Snowy Mountain wildfire encroaching on Canada-US border
The Snowy Mountain wildfire is bordering on becoming more than B.C.’s problem.
Burning out of control in the Similkameen region, the wildfire has exploded in size recently, going from 3,050 hectares on Tuesday to 6,594 hectares on Thursday to 10,911 hectares on Friday. Overnight and early morning winds have been fanning the flames and increasing its overall size.
On Saturday morning, the B.C. Wildfire Service said winds are still plaguing its fight, and the fire is still growing, with a new estimate expected later on. In addition, the fire is now encroaching on the B.C. and Washington state border, and it could cross stateside.
“We are in conversation with our partners in Washington state, just in case that does happen, in order to brief them on the situation and develop a plan to collaborate if needed,” said BCWS information officer Claire Allen.
A dozen helicopters are splitting their time between bucketing the Snowy Mountain wildfire — and the nearby 2,300 hectare Placer Mountain blaze. Eighty firefighters are also at Snowy mountain.
A spokesperson for the Washington State Department of Natural Resources (DNR) said the Snowy Mountain wildfire was approximately 4.8 kilometres (three miles) from the border, but that it had grown Friday night. The spokesperson said DNR is working with other agencies, such as the U.S. Forest Service and BCWS, in case the fire does cross the border.
“When the fire crosses the border, either into British Columbia or to Washington state, we’re all in sync anyway, ahead of the game, always coordinating with British Columbia. Our fire operations manager is in constant contact with them,” DNR spokesperson Janet Pearce said from Olympia, Wash.
“Fire doesn’t know any boundaries, and the Snowy (Mountain wildfire) is three miles north of the border, but since I received that message this morning, they said it had grown a little bit more south, so it could be two miles outside Washington. But a lot of our fire operations staff is meeting with all the others around, and we’re going to try to prep for that fire moving south so we can maybe stop it.”
Asked if it’s common, fires crossing the border, Pearce said “It seems to every year. It’s either a Washington fire going into B.C., or B.C. going into Washington, and we get it on all sides of us, except the ocean, from Idaho and Oregon.
“It makes sense why we have inter-agency firefighting, just because it takes all of us, not one agency.”
The explosion in size prompted the Regional District of the Okanagan Similkameen to issue a state of local emergency for the area on Friday, a measure which allows local authorities to utilize emergency powers, such as being able to order the evacuation of residents, prohibit travel and enter private properties.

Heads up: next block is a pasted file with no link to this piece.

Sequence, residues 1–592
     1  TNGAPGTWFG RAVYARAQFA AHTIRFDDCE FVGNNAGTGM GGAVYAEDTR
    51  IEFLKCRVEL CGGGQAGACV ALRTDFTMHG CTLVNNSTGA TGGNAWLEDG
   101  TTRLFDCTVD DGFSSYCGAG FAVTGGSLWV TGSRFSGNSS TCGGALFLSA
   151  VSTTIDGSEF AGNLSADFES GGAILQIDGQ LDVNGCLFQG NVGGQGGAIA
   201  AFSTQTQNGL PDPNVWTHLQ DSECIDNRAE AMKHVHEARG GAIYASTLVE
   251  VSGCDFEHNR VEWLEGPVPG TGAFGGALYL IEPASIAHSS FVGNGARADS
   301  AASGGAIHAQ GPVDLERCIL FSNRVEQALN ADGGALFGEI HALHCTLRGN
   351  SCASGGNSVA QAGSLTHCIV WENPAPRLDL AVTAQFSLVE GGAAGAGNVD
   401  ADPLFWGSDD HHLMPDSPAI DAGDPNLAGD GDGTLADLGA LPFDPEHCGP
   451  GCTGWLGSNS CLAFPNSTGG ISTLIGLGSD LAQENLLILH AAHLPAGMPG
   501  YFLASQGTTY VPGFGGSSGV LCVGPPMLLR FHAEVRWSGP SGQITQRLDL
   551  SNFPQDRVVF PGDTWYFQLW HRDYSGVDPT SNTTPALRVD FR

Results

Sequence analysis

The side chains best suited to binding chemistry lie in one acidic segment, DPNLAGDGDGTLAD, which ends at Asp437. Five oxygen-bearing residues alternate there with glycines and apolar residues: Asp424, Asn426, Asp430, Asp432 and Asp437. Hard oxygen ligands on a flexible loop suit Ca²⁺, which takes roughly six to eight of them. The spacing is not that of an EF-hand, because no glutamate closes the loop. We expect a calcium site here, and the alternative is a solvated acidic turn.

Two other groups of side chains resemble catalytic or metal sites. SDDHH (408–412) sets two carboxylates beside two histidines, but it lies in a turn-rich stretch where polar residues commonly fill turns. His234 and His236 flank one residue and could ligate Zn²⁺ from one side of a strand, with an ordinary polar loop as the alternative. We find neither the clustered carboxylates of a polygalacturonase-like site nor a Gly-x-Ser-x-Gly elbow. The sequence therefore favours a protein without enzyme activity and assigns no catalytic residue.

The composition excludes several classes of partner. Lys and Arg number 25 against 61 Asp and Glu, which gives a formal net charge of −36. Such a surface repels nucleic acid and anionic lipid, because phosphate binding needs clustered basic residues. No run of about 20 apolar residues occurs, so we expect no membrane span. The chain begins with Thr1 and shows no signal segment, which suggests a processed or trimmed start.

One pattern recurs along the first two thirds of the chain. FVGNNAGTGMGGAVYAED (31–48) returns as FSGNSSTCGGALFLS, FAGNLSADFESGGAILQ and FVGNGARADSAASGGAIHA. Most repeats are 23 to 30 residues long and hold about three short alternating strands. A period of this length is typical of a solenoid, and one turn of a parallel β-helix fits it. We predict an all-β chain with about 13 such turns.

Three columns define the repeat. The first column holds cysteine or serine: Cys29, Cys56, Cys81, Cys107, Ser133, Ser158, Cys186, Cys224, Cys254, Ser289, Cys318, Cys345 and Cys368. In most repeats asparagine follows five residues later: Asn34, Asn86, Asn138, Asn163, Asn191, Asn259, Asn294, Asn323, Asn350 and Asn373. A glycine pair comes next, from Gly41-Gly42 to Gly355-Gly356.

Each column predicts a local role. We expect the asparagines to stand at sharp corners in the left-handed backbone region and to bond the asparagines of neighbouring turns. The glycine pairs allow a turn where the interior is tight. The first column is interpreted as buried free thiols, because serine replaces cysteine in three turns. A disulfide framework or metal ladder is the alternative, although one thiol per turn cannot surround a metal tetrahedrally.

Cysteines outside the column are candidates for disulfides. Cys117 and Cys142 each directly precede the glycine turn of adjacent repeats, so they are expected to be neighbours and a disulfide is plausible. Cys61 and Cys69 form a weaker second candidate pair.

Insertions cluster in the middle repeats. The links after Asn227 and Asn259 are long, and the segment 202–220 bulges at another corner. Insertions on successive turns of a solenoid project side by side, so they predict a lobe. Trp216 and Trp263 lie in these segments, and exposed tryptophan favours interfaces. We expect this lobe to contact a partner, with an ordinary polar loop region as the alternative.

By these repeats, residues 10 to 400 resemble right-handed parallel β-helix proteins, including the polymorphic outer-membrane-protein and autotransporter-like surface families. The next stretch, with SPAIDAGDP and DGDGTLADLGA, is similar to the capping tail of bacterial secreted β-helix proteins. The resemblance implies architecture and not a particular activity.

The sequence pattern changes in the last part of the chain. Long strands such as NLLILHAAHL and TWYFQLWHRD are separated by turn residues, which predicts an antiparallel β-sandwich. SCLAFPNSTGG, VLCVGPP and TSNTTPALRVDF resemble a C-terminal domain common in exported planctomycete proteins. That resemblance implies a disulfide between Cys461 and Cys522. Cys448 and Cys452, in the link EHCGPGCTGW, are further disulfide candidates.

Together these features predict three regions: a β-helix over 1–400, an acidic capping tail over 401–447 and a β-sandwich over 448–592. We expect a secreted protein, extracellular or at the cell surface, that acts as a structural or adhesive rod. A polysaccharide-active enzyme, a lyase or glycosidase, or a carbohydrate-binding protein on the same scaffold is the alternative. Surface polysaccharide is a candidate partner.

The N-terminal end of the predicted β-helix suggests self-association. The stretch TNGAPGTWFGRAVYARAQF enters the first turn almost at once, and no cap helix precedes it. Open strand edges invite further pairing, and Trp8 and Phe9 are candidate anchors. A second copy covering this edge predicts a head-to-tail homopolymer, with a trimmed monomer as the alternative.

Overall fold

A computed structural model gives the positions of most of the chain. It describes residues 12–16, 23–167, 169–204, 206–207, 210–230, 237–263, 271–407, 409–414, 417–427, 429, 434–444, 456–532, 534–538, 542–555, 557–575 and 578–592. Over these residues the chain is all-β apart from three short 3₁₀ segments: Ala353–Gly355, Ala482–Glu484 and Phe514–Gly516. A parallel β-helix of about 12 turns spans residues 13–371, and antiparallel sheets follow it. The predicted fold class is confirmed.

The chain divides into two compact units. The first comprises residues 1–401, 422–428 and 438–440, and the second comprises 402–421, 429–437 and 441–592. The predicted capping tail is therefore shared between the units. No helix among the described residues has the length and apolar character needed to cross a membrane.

Also Friday, an evacuation order was issued for three properties in the Chopaka Bridge area. Earlier in the week, evacuation alerts were issued for 869 properties in the Keremeos and Cawston areas.
Regarding the weather, wind was breezing through Keremeos on Saturday morning at approximately 24 km/h. On Friday, Allen said wind gusts have been ranging between 25 km/h and 50 km/h.
“That’s really been the challenge, in the overnight period, is that we’re getting strong winds that are difficult to predict when they’re going to start and how strong they’re going to be,” said Allen. “Last night, we were hit with extreme winds.
“We did have night crews working with the Keremeos Fire Department again. They were working in the Chopaka Road area, which is to the southeast flank of the fire and just above the U.S. border. And that’s where we saw a lot of the growth last night. Our crews were out there last night prioritizing both life and safety within that evacuation order area.”
The Lower Similkameen Indian Band declared a state of emergency on Aug. 2, and on Saturday said there are currently 21 homes under an evacuation order.
Also on Saturday, a storage building behind a restaurant in Keremeos caught fire.
The Keremeos Fire Department said the storage building was fully involved when crews arrived on scene at approximately 12:30 a.m., and that embers were making their way towards a home improvement building next door. Approximately 20 firefighters were on scene, and it’s not yet known what caused the fire.
In related news, a portion of Highway 3 in B.C. was temporarily closed in both directions on Saturday because of fire concerns, but is now reopened to traffic. The closure took place 10 kilometres east of Keremeos. DriveBC says motorists can expect congestion and delays.
BCWS said the highway closure was caused by two new fires.
“There was no spot fire activity there,” Allen said when asked if embers from the Snowy Mountain fire caused the two new fires. “Just the way the winds were blowing, it wouldn’t have gone that way. So we are treating these as two, new independently caused fires, and the cause is under investigation at this time.”
For the latest on driving conditions, visit http://www.drivebc.com.
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